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Meaningful Health Care Informatics Blog

Nov 6 2012   11:10PM GMT

Top considerations when performing an EHR and billing conversion



Posted by: RedaChouffani
Conversion, EHR, PM

In recent years, a number of health organizations have engaged in implementing a new EHR patient scheduling system, or a patient billing and registration system. However, many faced the daunting task of identifying how staff would be able to operate in a new system when much of the data will most likely continue to live for many months in the legacy application. Many organizations acquire conversion services from the software vendors or third party vendors in order to reduce added data entry during the transition to a new system.

For the most part a system conversion is defined as: Having data (clinical, billing, scheduling, and other data) extracted from the legacy system and then adjusted and loaded into the new system in order to reduce manual data entry and provide continuity of the records.

There are eight main considerations to reduce duplicating the staff’s work, maintaining clean data, and reducing the challenges associated with working in two systems.

Data set definition: As with any conversion, it is critical to define the scope of which data sets will be converted and brought over from the legacy system. This requires collaboration amongst the new vendor, data analysts, database administrators, and, in some cases, the legacy system support team. All stakeholders will agree and define what data sets would be available for extraction during this stage, and then the new system team will then confirm if all or parts of the extracted data will be transferable into the new system. It is ideal if the legacy system supports continuity of care document (CCD)/continuity of care record(CCR) data exports for a clinical data conversion. This allows for all clinical data to be extracted and stored in a standard format that most certified EHR packages can process.  However, there still many known case where this functionality is not available, and the conversion team has to either go through the data dictionary and select a subset of information to be converted, or simply maintain the legacy system and keep it online. For non-clinical data such as billing and schedules, it is common practice to simply bring over patient demographics alone with account notes and balances. This is mostly due to the variations of how different systems handle patient billing internally.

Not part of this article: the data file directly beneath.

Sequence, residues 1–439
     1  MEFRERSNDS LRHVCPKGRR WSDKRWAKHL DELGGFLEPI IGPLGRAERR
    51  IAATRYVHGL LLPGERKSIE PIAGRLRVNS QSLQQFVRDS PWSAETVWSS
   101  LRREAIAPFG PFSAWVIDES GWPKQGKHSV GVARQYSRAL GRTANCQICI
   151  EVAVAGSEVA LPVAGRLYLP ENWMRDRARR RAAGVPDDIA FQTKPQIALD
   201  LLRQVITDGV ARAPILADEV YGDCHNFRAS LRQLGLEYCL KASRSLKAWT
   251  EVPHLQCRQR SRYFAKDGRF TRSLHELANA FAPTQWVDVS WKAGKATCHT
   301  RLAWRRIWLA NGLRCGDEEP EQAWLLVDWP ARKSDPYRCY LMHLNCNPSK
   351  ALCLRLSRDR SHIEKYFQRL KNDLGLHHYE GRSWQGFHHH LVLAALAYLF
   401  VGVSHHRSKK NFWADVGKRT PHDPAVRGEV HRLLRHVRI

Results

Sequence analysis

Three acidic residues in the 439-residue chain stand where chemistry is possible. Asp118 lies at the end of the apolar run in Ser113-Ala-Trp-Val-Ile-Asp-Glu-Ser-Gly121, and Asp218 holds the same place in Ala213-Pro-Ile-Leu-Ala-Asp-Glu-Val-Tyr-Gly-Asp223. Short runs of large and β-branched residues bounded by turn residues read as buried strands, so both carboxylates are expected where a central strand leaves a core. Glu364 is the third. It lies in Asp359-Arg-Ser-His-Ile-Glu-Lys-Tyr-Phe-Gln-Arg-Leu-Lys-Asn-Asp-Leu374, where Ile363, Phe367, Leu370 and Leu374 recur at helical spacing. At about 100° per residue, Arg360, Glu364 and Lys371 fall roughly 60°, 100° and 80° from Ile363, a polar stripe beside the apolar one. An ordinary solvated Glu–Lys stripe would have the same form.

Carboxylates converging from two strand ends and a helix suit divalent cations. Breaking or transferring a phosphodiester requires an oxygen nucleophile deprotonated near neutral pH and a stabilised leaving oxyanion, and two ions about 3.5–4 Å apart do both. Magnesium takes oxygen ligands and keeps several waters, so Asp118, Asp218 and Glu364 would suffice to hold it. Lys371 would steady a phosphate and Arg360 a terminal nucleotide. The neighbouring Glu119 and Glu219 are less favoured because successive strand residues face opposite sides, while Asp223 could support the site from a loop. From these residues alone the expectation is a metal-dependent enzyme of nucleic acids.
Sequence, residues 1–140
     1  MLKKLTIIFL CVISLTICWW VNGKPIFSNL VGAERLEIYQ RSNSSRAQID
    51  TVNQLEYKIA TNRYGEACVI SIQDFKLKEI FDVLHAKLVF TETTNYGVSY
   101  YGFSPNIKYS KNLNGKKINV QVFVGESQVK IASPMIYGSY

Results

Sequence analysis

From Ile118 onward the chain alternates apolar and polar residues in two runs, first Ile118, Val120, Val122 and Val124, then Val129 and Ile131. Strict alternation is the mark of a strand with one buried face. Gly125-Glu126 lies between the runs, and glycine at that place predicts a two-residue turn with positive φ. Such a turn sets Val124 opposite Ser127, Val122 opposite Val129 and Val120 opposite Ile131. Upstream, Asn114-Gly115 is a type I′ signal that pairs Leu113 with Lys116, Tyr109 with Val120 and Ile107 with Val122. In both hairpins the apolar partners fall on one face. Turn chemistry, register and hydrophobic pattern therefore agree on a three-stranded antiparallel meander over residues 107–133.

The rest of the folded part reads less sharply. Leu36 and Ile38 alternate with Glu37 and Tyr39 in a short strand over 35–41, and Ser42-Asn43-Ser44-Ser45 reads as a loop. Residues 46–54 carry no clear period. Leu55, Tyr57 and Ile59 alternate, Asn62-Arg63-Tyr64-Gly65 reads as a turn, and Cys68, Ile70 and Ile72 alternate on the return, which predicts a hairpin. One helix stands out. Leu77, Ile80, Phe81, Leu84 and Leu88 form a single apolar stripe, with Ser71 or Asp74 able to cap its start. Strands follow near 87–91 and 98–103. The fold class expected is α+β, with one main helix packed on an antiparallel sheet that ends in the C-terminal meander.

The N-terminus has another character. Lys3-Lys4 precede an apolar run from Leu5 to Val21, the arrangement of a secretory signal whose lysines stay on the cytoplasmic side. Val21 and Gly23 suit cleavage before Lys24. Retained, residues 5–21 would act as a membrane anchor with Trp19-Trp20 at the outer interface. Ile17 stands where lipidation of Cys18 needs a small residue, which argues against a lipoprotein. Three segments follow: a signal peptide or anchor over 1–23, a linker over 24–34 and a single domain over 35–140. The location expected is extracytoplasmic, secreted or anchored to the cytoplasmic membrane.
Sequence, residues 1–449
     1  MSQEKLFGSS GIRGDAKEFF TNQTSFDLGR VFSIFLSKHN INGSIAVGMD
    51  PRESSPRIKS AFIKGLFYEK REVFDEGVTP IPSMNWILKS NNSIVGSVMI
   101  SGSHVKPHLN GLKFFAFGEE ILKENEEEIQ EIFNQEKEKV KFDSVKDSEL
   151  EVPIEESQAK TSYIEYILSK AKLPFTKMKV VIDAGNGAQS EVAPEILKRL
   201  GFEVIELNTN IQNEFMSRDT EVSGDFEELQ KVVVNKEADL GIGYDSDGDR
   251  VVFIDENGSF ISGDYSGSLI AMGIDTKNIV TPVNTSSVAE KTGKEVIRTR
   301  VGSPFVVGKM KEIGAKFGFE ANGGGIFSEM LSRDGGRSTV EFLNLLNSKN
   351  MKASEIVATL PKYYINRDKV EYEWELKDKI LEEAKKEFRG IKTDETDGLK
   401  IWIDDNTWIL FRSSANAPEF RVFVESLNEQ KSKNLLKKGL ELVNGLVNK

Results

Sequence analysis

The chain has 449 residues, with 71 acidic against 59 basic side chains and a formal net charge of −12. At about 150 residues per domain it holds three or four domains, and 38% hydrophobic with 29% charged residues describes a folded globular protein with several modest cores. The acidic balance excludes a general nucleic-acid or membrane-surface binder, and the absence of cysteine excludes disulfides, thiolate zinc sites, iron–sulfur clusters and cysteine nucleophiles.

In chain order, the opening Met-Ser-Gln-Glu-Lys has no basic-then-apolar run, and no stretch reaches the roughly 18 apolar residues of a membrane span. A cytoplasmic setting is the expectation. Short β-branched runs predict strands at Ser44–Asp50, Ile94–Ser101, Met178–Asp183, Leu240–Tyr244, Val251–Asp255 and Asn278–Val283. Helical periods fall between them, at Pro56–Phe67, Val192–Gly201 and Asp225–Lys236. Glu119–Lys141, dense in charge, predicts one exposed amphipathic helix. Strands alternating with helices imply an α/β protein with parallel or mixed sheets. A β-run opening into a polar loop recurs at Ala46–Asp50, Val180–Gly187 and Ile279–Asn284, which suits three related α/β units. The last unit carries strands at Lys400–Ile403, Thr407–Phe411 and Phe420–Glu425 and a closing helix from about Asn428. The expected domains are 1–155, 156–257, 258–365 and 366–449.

Data format: In data conversions the data can be made available as a PDF, XML, raw text, HL7 and many other available formats. These are formats that are based on the source system and would sometimes need to be modified and exported into other formats to match the format needed by the new destination. The information can be maintained in a database and is then directly pushed into the new system, in other cases.

Workflow post conversion: Post-conversion workflow is one of the areas that requires significant consideration. There are different approaches being used post conversion some of which are:

Same staff with two systems: This is one of one of the least favorable models but can be successful if the organization is willing to do whatever it takes to ensure  success maintaining two systems with the same number of staff (after going live). This typically requires additional hours from the team working on the systems.

Outsource legacy system: There are companies available that would take over billing for an organization while the staff is on the new system during a billing or clinical data conversion. This is viable for a clinical conversion where the information is available on demand and can be added to the returning patient chart.

Add additional temporary supporting staff: In this model we typically see that the staff can ensure that the legacy system is properly maintained and all patient information is successfully managed, whether the organization brings temporary staff on board or simply uses resources from other departments to help during the few months after adoption.

Test conversion: Testing the converted information in the new system is extremely important, as with any major system change, especially those with data conversions. These tests must be performed by the staff who will be actively be using the new system, not just by the technical folks. Feedback must be provided once the tests have been completed and all the issues must be addressed prior to going live.

Maintenance of dual systems: The inability to efficiently report on all the data as a whole is a challenge that most organizations face when having their data stored and maintained in two systems. Use of methods that may require temporarily warehousing data from both systems in a central location to enable reporting on all of the data is necessary in some cases.

Data conversions can have a significant impact on a new system. If the workload is such that the staff is unable to perform efficiently in the new system, it can cause challenges for the organization and lead to further issues. Conversion must be well planned out and involve all the appropriate parties to ensure a successful transition.

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